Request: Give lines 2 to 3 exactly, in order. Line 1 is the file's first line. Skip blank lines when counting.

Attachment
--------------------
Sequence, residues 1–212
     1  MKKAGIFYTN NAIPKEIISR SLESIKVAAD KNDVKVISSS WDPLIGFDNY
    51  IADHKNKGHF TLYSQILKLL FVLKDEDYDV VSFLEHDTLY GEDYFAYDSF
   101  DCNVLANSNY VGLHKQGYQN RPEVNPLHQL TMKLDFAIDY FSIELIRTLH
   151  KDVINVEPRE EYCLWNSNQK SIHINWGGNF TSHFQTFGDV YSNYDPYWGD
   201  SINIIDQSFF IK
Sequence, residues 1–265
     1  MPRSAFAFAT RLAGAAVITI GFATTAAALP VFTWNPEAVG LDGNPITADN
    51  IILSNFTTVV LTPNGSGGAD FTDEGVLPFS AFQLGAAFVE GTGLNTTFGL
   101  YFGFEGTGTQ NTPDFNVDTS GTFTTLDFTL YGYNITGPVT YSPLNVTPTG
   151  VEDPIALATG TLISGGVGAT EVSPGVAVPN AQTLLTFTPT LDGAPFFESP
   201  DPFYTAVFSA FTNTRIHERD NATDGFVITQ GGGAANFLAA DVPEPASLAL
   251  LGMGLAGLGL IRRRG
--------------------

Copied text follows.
     1  MKKAGIFYTN NAIPKEIISR SLESIKVAAD KNDVKVISSS WDPLIGFDNY
    51  IADHKNKGHF TLYSQILKLL FVLKDEDYDV VSFLEHDTLY GEDYFAYDSF